It's a convoluted plot, no matter what you do, but here's what AFI starts with:
"As he is about to sail from Veracruz, Mexico, Duke Halliday is confronted at gunpoint by Capt. Vincent Blake. While Blake is searching Duke's luggage, however, Duke knocks him out and steals his identification papers. Duke then shoves his way through a crowd and is chastised for his rude behavior by disembarking American Joan Graham. Leaving Duke at the pier, Joan finds Jim Fiske, her double-crossing fiancé, in a hotel room and demands that he return the $2,000 he "borrowed" from her. The smooth-talking Fiske promises to return the money as soon as he makes a paid delivery, but while Joan is taking a shower, he slips out with the valuables. Duke then walks into the room looking for Fiske and identifies himself to Joan as Capt. Blake. Feigning nonchalance, Joan dismisses Duke, but then finds Fiske in the hotel garage and tells him about Duke's visit. Just then, Duke appears and begins fighting with Fiske. Fiske gets away, and Duke and Joan are brought to the local police station. Once again Duke identifies himself as Blake and tells Inspector-General Ortega that he is pursuing a fugitive. The amiable Ortega allows Duke and Joan to go their separate ways, but immediately orders a tail put on them."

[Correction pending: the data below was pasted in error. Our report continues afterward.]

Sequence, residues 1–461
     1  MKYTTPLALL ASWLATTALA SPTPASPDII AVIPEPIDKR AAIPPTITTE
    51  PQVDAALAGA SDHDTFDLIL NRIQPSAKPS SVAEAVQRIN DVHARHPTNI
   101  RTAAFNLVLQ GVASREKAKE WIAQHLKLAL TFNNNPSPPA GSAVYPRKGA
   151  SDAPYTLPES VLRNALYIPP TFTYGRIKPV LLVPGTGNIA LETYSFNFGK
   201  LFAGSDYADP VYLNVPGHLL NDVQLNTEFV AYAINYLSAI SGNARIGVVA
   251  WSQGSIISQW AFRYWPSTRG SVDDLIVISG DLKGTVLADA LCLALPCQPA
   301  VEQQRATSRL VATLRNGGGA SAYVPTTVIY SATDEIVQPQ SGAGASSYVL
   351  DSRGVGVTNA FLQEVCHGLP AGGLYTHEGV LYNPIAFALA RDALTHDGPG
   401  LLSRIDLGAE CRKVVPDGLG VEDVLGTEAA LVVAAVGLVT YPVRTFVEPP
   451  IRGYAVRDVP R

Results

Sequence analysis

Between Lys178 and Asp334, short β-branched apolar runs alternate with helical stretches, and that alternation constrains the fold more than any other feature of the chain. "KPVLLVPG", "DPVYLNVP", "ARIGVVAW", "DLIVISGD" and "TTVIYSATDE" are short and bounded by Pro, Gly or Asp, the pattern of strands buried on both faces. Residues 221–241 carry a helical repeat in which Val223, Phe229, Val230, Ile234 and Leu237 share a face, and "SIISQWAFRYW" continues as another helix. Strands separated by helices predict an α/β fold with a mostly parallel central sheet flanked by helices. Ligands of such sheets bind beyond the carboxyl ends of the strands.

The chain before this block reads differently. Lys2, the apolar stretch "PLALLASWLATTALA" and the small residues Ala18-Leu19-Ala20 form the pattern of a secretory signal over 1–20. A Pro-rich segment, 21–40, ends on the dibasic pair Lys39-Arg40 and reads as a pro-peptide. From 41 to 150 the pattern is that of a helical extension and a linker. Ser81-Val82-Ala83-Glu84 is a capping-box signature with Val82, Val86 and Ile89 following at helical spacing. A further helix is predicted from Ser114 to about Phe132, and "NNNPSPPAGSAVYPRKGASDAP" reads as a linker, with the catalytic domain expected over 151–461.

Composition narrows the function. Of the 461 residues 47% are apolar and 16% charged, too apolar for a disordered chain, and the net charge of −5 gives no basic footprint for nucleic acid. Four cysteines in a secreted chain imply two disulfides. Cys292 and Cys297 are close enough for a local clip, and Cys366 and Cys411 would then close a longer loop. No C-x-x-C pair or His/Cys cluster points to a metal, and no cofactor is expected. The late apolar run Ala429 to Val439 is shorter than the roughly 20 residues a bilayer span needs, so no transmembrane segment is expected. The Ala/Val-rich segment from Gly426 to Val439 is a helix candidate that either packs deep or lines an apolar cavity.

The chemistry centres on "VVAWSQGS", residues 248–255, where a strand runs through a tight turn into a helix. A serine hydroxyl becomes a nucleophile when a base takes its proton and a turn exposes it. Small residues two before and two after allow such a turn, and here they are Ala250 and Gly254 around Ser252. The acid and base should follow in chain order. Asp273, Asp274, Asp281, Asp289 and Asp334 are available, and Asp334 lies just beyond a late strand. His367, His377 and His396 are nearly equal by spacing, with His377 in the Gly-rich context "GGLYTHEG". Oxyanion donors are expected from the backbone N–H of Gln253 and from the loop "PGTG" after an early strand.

There was a definite character that Robert Mitchum played for the most part. Jeff Bailey from OUT OF THE PAST and Harry Powell from NIGHT OF THE HUNTER were more exception than rule. Typically, as in this film, Mitchum was the good guy in the bad world. We are introduced to Mitchum in this film without a character name, beating on a guy who shows a badge. Thrust as we are in the middle of this mess, Mitchum is a criminal, on the run and resisting arrest. As the film unfolds, we find out the real situation and the real criminals are revealed. But, until that point, we've got pretty effective (and in the hands of director Don Siegel) quickly-paced noir. It also features a re-teaming of Mitchum with his OUT OF THE PAST femme fatale, Jane Greer. I recommend it, and you can find it in the Warner Bros. 4th DVD Film Noir set.